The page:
What a novel idea; LV could do it THE WAY WE TYPE IT IN.


If I type A...C then so be it, If I type A,B,C then so be it!!!


And I can always change it!!!

Active Participant

Please PLEASE raise the priority of this. I'm just back from a debugging session where this has costed me many many hours of needless failure searching.


I really can't live with LabVIEW automatically changing my case selection values into a range. Both selection types are fine, but please let me choose which one to use myself. Especially with enums it's a bomb waiting to wreck my applications. With a numeric case selection you don't risk suddenly introducing a new value in the middle of a selection like "2,3" for instance, but if it was an enum you could.


A real-life example:

There was a command-enum with values like these:  Disable, Clear, Other 1, Other 2, Enable. A case structure where one case should handle three of these commands existed in the code: "Disable, Clear, Enable". At some point in time someone changed the enum values to alphabetical order (shouldn't pose a problem as the enums are identified in LabVIEW by string value). Unnoticed by the programmer this made LabVIEW automatically change the above case selection to "Clear..Enable". The application still worked as expected. But then someone added a new command 'Connect', which incidently ended up in the middle of that automatically generated range! The programmer now fixed all broken arrows (since LabVIEW throws a broken arrow when any enum values are left unhandled in case structures), and thought all was well. A long time passed where the application failed mysteriously, until someone else hunted down that the Connect command at one place was handled by the same code as Clear, Disable and Enable. 'Connect' is not even visible nor searchable in that location. It's such a downer finding this.


Automatic change into a range is a bigger bug-hole than adding a Default case for enums, since the Default case you add yourself and should know about, while the range can appear by itself. For sure you're rewarded with a 'changed' asterix on the affected VI, but this might easily get overlooked in a project with thousands of VIs. By using an enum instead of a ring you trust you have added the necessary layers of protection to your code so you don't have to manually walk through each and every enum instance when you make a change. It's even a question in some certification exams: "When can you trust LabVIEW to make correct automatic updates when you change an enum?". The correct answer to that is "Never!".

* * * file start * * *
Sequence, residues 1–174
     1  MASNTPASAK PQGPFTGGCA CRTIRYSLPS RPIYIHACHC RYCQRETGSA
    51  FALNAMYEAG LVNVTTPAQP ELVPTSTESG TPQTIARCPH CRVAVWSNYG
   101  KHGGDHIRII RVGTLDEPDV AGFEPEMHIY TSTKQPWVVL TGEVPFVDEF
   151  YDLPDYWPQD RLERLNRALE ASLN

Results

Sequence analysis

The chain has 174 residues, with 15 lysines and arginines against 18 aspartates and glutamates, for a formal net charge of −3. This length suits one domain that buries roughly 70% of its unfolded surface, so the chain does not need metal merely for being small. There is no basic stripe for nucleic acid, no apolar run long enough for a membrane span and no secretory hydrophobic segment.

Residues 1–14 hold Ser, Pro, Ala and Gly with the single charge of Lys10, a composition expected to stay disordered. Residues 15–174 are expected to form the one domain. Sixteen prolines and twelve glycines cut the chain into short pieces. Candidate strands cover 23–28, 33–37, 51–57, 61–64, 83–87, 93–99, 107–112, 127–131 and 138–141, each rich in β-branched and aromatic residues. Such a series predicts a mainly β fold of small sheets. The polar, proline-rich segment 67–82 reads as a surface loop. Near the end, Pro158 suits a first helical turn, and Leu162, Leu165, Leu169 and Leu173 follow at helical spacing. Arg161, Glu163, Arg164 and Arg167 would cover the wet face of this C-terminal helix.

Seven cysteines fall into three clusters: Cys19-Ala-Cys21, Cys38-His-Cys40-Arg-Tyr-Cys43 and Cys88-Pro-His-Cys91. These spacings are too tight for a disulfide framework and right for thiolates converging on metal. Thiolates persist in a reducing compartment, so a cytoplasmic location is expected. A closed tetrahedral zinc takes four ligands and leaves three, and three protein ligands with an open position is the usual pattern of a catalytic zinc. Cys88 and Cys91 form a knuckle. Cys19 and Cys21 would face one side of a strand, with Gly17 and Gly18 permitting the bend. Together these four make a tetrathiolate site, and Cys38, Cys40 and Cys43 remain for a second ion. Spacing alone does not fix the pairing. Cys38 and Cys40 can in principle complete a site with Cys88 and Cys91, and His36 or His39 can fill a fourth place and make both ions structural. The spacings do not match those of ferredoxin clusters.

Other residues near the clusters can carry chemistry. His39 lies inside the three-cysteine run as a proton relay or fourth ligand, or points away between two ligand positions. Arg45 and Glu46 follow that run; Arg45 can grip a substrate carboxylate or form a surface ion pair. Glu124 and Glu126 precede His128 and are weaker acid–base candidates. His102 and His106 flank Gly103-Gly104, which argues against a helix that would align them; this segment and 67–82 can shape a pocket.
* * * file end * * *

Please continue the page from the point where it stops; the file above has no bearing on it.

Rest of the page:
CLA, CTA, CLED & LabVIEW Champion

I'm a big fan of "keep it as I have typed". If I want a list of items, I will type a list. If I want a range, I will type a range. If I forgot to type a range instead of a list of items, it is my mistake.

Currently, I often have to change things back when I've inserted some item in an enum. Very dangerous, because you only find out because somethings has stopped working correctly.


What could be done better in the IDE is that labview tracks better how the user changes a typedef'd enum. If one inserts items, there is no problem (LV will remap the instances based on the enum text). If one renames items, there is also no problem (I think it will keep the numeric values for remapping existing instances). But when combining renaming and inserting actions wirthout re-appying inbetween, it will go wrong. With better tracking of what the user is changing while editing a typedef'd enum, this can be prevented.


Don't have yet another option - please! Just eliminate the undesired behaviour. LabVIEW should definitely not do this for enums. I'm not sure what the best way to handle strings or numerics is but there's a good case (sorry!) for the 'keep it as I typed it' way.

Proven Zealot

This was on my list to propose myself. Kudo's. This can ruin your application, and you won't have a clue. The customer might find out before you.

Trusted Enthusiast
Trusted Enthusiast

I guess "the developer who authored this piece of code has left" (and nobody feels that this is sexy enough to revisit).

The beauty of proprietary code where developers decide about the criticality of a bug...

When they condescend to recognize it as a bug, that is!